I doubt that there’s a single Napoleonic wargamer who doesn’t have at least one Imperial Guard unit in their collection and I’m certainly no exception… And having recently painted my very LAST Imperial Guard infantryman (for the two Young Guard Corps at Leipzig in 1813), I thought I may as well post the pics here, starting with the Old Guard (which appropriately enough, are the oldest figures in my Imperial Guard infantry).
Back in the mists of time, I had a single unit of 16x 15mm Old Guard Grenadiers à Pied by Battle Honours. They got a lot of mileage and by the mid-1990s were looking rather battered. By then we’d started doing demo-games at wargames shows and I was wanting some new models, so asked Mike Hickling at AB Figures if they had any imminent plans for Old Guard infantry models. By sheer luck, he had just cast the very first of the new AB Figures Old Guard and he put them straight in the post to me on approval! I had it on good authority therefore that these AB Figures Old Guard figures were the first to appear anywhere – they were in our Bautzen 1813 game at ‘Warcon’ (1995 I think?) before they even appeared in the AB Figures catalogue! 🙂
(As an aside, Mike also sent me some never-released Empress’ Dragoons and a Napoleon figure that had originally been sculpted for the Battle Honours range and never released. As far as he or I know, these figures are totally unique. The Empress Dragoons have since passed on to my good friend Martin – replaced by newer AB Figures models – but I’ve still got the Napoleon figure and have never been able to bring myself to replace him with the newer AB Figures model.)
Above: French 15mm Old Guard Grenadiers à Pied by AB Figures. When I first saw these, I was totally blown away by the quality of sculpting and the accuracy of the depiction. They look just as though they have stepped out of a Detaille or Gerard painting. Even today, nearly 25 years later, I still think that they’re the best figures ever to have been produced in this scale (or indeed any scale). They’ve even got their customary earrings sculpted on…
Above: Regular readers of this blog will note that my painting was a fair bit better in those days… 🙁 Eyesight and cramping hands now get the better of me. I also had a lot more patience and would routinely paint my own flags…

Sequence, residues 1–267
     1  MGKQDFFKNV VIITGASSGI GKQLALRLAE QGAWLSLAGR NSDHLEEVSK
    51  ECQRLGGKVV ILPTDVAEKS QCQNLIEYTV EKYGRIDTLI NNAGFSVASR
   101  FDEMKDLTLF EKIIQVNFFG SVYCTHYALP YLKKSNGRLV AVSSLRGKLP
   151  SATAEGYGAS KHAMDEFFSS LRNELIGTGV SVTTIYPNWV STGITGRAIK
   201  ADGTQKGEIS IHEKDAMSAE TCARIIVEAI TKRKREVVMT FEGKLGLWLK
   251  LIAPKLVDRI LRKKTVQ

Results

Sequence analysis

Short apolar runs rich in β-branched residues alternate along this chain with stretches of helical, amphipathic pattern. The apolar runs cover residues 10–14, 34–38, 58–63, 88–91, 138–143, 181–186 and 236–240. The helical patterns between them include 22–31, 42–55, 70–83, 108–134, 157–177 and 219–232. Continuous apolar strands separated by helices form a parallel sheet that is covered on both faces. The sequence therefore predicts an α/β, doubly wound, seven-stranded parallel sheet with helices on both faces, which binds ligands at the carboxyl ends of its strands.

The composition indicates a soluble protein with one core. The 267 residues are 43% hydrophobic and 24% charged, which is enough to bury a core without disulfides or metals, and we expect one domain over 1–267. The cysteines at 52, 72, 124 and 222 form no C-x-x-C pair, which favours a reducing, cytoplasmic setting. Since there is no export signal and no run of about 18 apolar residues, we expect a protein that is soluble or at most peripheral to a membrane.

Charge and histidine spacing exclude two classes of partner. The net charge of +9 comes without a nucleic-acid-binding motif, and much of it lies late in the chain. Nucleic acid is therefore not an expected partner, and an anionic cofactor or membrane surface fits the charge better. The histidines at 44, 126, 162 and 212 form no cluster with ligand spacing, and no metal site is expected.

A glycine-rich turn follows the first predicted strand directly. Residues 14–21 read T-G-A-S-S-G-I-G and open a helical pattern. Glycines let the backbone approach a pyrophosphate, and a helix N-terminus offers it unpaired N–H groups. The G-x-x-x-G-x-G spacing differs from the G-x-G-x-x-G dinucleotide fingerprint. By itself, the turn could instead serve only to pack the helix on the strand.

For the uninitiated, the distinguishing uniform features of the Grenadiers à Pied were the coat cut in ‘line infantry’ style, with square-ended white lapels (i.e. the bottom end of the lapel, where it meets the coat-tail), ‘Brandenburg’ cuffs with white cuff-flaps, plain red fringed epaulettes and a bearskin with brass front-plate, red plume, red ‘cul de singe’ (‘monkey’s arse’) on the back and white cords. They continued to wear this uniform throughout the Napoleonic Wars, even when the rest of the infantry switched to the more modern ‘Bardin’ style after 1812. However, the uniform would be modified on campaign by the addition of black gaiters, blue overall trousers and blue greatcoats. The cap plumes and cords would also be removed and saved for best (‘Grande Tenue‘).
Above: This photo will teach me to pay more attention to which figures I’m getting out of the box, as some Chasseur à Pied interlopers have joined the back of the column! 🙂
Above: The next Old Guard regiment is the Chasseurs à Pied. Once again, these are in very characterful ‘standing in reserve’ poses, often seen in Napoleonic battle paintings – standing around behind the Emperor, waiting for the order for the Guard to be committed.
Above: The Chasseurs à Pied had some subtle uniform differences to the Grenadiers à Pied; their coat was cut in ‘light infantry’ style, with pointed lapels and pointed cuffs, edged in white piping. Epaulettes were green with red fringes and crescents. The bearskin this time had no front-plate and no cul de singe and plumes were now red-over-green.
Above: I’m looking at the fine-lined piping on those cuffs while weeping into my turps-pot and wishing I could still paint like that… 🙁
Above: My last regiment of the Old Guard is the regiment of Marins (which means ‘Seamen’, NOT ‘Marines’). These are much more recent models and I painted these last year and wrote a blog-article about them at the time.
Above: The Old Guard on parade, with Général de Division Dorsenne, the Colonel-General of the Grenadiers à Pied at their head in full ceremonial uniform.
Above: Dorsenne and the Grenadiers à Pied under fire at Aspern-Essling 1809.
That’s it for now! Middle Guard, Young Guard, Guard Artillery and Guard Cavalry to follow, but I’m now setting off on my hols. 🙂